Search Images Maps Play YouTube News Gmail Drive More »
Sign in
Screen reader users: click this link for accessible mode. Accessible mode has the same essential features but works better with your reader.

Patents

  1. Advanced Patent Search
Publication numberUS1165235 A
Publication typeGrant
Publication dateDec 21, 1915
Filing dateJan 16, 1915
Priority dateJan 16, 1915
Publication numberUS 1165235 A, US 1165235A, US-A-1165235, US1165235 A, US1165235A
InventorsElias J Emery
Original AssigneeElias J Emery
Export CitationBiBTeX, EndNote, RefMan
External Links: USPTO, USPTO Assignment, Espacenet
Rubber heel.
US 1165235 A
Abstract  available in
Images(1)
Previous page
Next page
Claims  available in
Description  (OCR text may contain errors)

E. J. EMERY.

RUBBER HEEL.

APPLICATION HLED JAN. 16, 1915.

1,165,235. Patented Dec. 21, 1915.

73m J Ewe/y pron.

ELIAS (I. EMEBY, OF PORTSMOUTH, NEW HAMPSHIRE.

RUBBER HEEL.

incense.

Specification of Letters Patent.

Patented Dec. 21, 1915.

Application filed January 16, 1915. Serial No. 2,725.

the above mentioned character possessing.

maximum resiliency, and constructed to re duce the friction of the heel while walking with a view of prolonging the life of the heel.

Another important object of the invention is the provision of a heel having a reversible wearing surface capable of being removed from the main body portion of the heel, and resecured thereto in reversed position without necessitating the removal of the heel proper from the shoe. W Y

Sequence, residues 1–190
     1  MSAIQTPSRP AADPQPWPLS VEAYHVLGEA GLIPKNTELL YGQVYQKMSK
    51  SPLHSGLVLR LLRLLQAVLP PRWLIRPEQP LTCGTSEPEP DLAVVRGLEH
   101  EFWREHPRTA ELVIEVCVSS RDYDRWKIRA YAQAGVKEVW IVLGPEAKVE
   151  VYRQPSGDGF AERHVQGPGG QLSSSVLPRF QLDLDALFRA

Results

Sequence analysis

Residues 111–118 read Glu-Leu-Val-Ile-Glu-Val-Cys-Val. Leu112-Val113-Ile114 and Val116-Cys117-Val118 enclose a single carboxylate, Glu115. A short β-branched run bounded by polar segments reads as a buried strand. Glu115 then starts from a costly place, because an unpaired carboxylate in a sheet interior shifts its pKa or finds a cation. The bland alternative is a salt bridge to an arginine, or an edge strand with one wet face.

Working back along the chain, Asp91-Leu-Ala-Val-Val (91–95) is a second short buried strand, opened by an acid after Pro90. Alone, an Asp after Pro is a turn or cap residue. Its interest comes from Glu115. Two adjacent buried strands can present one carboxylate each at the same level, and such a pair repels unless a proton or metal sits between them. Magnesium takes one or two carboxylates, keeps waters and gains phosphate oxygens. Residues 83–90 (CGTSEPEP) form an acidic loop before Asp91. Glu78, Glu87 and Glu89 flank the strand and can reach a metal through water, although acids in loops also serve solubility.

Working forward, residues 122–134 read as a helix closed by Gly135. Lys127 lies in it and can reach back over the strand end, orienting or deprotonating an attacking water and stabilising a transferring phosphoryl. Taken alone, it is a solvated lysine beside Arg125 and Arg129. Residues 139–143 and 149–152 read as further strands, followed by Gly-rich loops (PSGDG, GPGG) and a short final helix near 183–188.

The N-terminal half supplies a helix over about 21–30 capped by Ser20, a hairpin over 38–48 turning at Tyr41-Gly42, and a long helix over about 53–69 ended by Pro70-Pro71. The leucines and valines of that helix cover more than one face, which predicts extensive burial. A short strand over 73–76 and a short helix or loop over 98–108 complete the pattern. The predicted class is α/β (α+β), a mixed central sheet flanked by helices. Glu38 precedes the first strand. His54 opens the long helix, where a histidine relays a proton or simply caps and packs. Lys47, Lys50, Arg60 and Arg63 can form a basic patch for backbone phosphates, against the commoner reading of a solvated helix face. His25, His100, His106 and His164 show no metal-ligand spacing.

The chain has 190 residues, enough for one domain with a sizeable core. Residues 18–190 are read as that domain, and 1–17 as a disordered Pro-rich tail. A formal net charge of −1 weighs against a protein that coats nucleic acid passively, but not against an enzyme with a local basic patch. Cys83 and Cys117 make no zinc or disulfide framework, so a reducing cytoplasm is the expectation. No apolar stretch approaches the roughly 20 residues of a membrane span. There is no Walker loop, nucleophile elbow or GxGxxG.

Other objects will appear when the nature of the invention is better understood from the following description taken in connection with the accompanying drawing.

A practical embodiment of the invention is disclosed in the drawing wherein like numerals of reference indicate similar parts in the several' views and in which:

Figure 1 is a bottom plan view of the shoe showing my improved heel secured thereto. Fig. 2 is a transverse sectional view of the heel proper. Fig. 3 is a vertical sectional view through the same.- Fig. 4 is a bottom plan view. Fig. 5 is a view of one of the removable plugs.

The heel comprises whatmay be termed a main body portion 5, and tread elements 6. The body portion 5 may be constructed from any suitable resilient material, and of any desired dimension to accommodate dif-' ferent size shoes. The body portion 5 is provided with a-plurality of restricted bores through which suitable fastening elements such as nails or the like (not shown) are driven for securing the heel proper to the shoe. Embedded in the rubber of the heel, at a point slightly above the transverse center of each of the bores 7, is a metal disk 8 centrally apertured, and extending within the bore to provide a bearing surfacefor the head of the fastening element that secures the heel .to the shoe. The heel 5 is further provided with a plurality of air chambers or recesses 9disposed between and in alinement with the bore 7 and communicating reduced openings 10 at the opposite side of the heel.